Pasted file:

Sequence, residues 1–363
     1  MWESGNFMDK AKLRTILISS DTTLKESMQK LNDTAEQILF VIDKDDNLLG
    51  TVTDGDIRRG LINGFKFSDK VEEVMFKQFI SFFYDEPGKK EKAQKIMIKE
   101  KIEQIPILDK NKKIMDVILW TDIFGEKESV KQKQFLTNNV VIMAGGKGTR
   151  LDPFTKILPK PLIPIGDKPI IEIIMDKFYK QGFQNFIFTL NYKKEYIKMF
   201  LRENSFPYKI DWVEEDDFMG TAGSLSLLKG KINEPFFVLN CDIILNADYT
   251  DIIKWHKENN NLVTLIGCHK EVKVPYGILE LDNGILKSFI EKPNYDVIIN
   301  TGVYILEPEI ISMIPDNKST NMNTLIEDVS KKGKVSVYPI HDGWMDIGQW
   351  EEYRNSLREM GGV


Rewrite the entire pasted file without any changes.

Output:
Sequence, residues 1–363
     1  MWESGNFMDK AKLRTILISS DTTLKESMQK LNDTAEQILF VIDKDDNLLG
    51  TVTDGDIRRG LINGFKFSDK VEEVMFKQFI SFFYDEPGKK EKAQKIMIKE
   101  KIEQIPILDK NKKIMDVILW TDIFGEKESV KQKQFLTNNV VIMAGGKGTR
   151  LDPFTKILPK PLIPIGDKPI IEIIMDKFYK QGFQNFIFTL NYKKEYIKMF
   201  LRENSFPYKI DWVEEDDFMG TAGSLSLLKG KINEPFFVLN CDIILNADYT
   251  DIIKWHKENN NLVTLIGCHK EVKVPYGILE LDNGILKSFI EKPNYDVIIN
   301  TGVYILEPEI ISMIPDNKST NMNTLIEDVS KKGKVSVYPI HDGWMDIGQW
   351  EEYRNSLREM GGV